– From the Vajrakilaya Prayer: A Rain of Accomplishments, as revealed by Gyarong Khandro and recorded by Dilgo Khyentse Rinpoche

Back to Tabs

Dorje Legpa

The oath-bound Dorje Legpa

Alternate names: Damchen Dorje Legpa (Tibetan), Vajrasadhu (Sanskrit).
Status: Oath-bound theurang (demon).
Tradition: Nyingma.
Known to protect: Dzogchen Teachings & Terma Teachings.


Dorje Legpa is the third in the ‘Ma Za Dam Sum’ or the ‘Three Terma Protectors’ trinity, together with Ekajati and Rahula. His name means ‘Excellent Vajra’ and his practice can be found in both the Nyingma and Kagyu traditions, but is mainly practised in the former.

In oral legend in some parts of Tibet, he is considered to have been a monk from Nalanda Monastery in India. However he committed many negative actions, which led to his rebirth as a theurang spirit that came to roam Tibet. Before becoming a Dharma Protector, Dorje Legpa was propitiated as a god of war and gambling, due to his immense power despite belonging to the theurang class of spirits. Guru Rinpoche is known to have bound him by oath to become a protector of the Buddhist teachings, especially the various terma or ‘revealed’ teachings.

Physical Attributes

A wrathful form of Dorje Legpa. Note he is not wearing a domed hat but his hair is loose and flowing upwards.

Dorje Legpa is portrayed as red in colour, riding a snow lion. He brandishes a vajra made from meteoric iron in his right hand and holds a heart in his left hand. In his variant forms he is portrayed riding a goat with crossed horns instead, a typical animal mount for a theurang spirit. This type of goat is native to Tibet and is even known as the ‘oath-bound goat.’ Theurang spirits are known to delight in mischief and chaos, and can inflict illness upon people, especially children. He also wears a domed Tibetan traveling hat.

Dorje Legpa is most commonly depicted at the bottom of deity thangkas, together with Rahula and Ekajati. In singular depictions, either Guru Rinpoche or Vajrapani are portrayed above him, to remind practitioners he is a worldly and oath-bound protector and as a reminder to Dorje Legpa to remember his oaths to protector the Dharma and its practitioners.

Dorje Legpa

Dorje Legpa has a vast retinue, including 360 of his own brothers. His main emanation, who serves as his chief attendant, is known as ‘Damchen Garba Nagpo’ or the ‘Oath-bound Blacksmith’. In this form he holds a vajra hammer instead of a vajra. He is given an equally important protective position as Dorje Legpa, and is considered the chief Dharma Protector of blacksmiths.

He is often mistaken as being Dorje Shugden due to various similarities in their iconography, such as riding a snow lion, being red in colour and wearing a domed hat.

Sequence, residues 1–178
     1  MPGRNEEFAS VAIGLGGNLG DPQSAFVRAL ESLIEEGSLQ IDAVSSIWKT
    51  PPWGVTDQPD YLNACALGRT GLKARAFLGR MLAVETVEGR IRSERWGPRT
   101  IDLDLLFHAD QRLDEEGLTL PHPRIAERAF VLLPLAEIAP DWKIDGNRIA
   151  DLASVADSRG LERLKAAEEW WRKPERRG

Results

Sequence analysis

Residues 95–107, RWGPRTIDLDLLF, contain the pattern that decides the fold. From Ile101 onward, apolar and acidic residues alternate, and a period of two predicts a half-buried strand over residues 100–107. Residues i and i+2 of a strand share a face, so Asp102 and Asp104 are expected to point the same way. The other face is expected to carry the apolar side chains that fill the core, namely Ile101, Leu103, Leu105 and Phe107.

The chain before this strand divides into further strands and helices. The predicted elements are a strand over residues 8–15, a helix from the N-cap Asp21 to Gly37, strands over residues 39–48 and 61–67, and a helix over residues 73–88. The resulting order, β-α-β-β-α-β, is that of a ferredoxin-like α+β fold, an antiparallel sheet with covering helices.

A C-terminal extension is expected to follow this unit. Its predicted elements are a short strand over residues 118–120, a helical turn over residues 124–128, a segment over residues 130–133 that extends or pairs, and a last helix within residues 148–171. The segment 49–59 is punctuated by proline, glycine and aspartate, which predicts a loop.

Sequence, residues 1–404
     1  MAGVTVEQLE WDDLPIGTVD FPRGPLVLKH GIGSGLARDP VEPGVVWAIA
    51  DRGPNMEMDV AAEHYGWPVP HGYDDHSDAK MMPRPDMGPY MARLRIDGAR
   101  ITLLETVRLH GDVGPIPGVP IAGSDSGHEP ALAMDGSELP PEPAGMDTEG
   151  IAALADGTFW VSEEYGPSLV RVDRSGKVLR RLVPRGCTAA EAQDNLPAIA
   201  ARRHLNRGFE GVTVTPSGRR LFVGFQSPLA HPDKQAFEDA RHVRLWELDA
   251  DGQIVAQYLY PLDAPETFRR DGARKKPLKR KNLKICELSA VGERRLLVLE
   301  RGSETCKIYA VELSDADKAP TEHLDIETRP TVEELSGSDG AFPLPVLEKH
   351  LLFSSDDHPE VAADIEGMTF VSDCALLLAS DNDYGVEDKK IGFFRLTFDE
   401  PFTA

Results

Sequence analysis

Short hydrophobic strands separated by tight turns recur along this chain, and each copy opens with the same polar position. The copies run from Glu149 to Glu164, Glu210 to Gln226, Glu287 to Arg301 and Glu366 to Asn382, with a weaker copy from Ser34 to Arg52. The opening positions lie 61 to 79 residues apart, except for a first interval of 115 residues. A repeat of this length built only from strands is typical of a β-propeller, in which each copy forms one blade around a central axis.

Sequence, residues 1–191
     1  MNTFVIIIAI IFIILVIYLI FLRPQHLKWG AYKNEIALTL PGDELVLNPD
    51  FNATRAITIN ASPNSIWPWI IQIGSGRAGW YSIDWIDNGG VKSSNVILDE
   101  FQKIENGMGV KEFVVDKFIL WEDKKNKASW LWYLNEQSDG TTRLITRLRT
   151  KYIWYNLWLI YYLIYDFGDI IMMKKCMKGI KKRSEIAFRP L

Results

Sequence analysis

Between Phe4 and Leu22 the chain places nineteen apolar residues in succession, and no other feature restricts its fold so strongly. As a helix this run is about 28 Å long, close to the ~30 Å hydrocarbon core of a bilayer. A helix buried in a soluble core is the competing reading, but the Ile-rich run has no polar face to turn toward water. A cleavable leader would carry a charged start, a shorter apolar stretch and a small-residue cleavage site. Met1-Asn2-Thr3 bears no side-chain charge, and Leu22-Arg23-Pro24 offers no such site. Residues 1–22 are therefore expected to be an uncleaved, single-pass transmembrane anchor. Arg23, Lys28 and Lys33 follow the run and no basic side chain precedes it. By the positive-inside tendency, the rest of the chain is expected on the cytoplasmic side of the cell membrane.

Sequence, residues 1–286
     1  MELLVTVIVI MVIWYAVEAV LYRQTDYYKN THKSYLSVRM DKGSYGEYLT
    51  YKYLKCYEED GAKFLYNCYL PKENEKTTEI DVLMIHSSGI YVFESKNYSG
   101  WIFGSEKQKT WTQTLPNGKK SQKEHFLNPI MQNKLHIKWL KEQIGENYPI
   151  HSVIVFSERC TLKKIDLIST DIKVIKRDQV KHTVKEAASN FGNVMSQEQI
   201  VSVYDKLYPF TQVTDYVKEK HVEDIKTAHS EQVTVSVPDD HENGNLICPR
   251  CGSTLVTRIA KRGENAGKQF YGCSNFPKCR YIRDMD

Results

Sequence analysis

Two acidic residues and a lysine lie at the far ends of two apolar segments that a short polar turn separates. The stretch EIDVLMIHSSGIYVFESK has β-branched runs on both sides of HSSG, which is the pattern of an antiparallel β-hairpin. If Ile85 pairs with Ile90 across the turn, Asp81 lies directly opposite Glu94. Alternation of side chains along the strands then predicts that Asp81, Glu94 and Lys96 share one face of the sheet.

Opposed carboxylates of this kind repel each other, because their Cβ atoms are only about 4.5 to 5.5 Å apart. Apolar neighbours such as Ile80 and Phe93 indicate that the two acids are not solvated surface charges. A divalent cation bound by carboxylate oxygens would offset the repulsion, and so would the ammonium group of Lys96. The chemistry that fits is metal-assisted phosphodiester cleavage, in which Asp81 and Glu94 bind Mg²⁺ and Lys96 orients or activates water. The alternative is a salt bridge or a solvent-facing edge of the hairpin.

As an oath-bound spirit, one should only engage in Dorje Legpa’s full propitiation prayers when authorised to do so by a qualified lama.


“Resident in the Valley of Shang in the country of Uyuk, in the burning Iron Palace,
He was born of malignant spirits and skilled in magical transformation,
Servant of the Bhagawan Vajrapani,
Homage to Dorje Legpa, Harbinger of Liberation.”
– A Nyingma Prayer

“From the palace of the triangle of swirling blood and fat,
Terma guardians, Ekajati, Rahula and Damchen, to you I pray:
Grant your blessings so that outer and inner obstacles may be pacified!”
– From the Vajrakilaya Prayer: A Rain of Accomplishments, as revealed by Gyarong Khandro and recorded by Dilgo Khyentse Rinpoche

Back to Tabs

Mahakala Bernagchen

Mahakala Bernagchen – an emanation of Avalokiteshvara

Alternate names: Legden (Tibetan), Black Cloak Mahakala.
Status: Emanation of Avalokiteshvara (Tibetan: Chenresig)
Tradition: Karma Kagyu & Nyingma.
Known to protect: Personal protector of the Karmapa & protector of the Karma Kagyu.


This form of Mahakala arose from a Nyingma ‘terma’ tradition but was introduced into the Karma Kagyu tradition by the 2nd Karmapa, Karma Pakshi (1206-1283). It was in the Karma Kagyu tradition that his practice was solidified and became widespread.

Mahakala Bernagchen

It was from the time of Karma Pakshi that Mahakala Bernagchen began a very special relationship with the Karmapas, acting as their personal protector. In fact the Karmapas are renowned for performing a Mahakala dance during the preparations for the New Year Festival. As both Mahakala Bernagchen and the line of Karmapas are considered inseparable, both are considered emanations of Avalokiteshvara.

It is said that Avalokiteshvara manifested in this wrathful form to be of more benefit to sentient beings in this degenerate age, thereby upholding his vow to not enter into the bliss of complete enlightenment until all sentient beings are enlightened. At this point all the Buddhas proclaimed that this form would have the empowerment of all the wisdom dakinis, the strength of Yama (God of Death) and have the spirits, yakshas, devils and demons as his messengers. It is also noted that he represents all the wrathful empowerments of the Body, Speech, Mind, Qualities, and Activities of all the Buddhas throughout the past, present and future.

Physical Attributes

Mahakala Bernagchen

Mahakala Bernagchen is portrayed as squat in stature. His limbs are short but very powerful. He is black in colour with a fierce wrathful expression. His three eyes are wide and bulging through the fierce manifestation of his compassion. His mouth is open in a wrathful smile with bared fangs. His orange-yellow beard and hair flow upwards. The nails of both his hands and feet are long and sharp.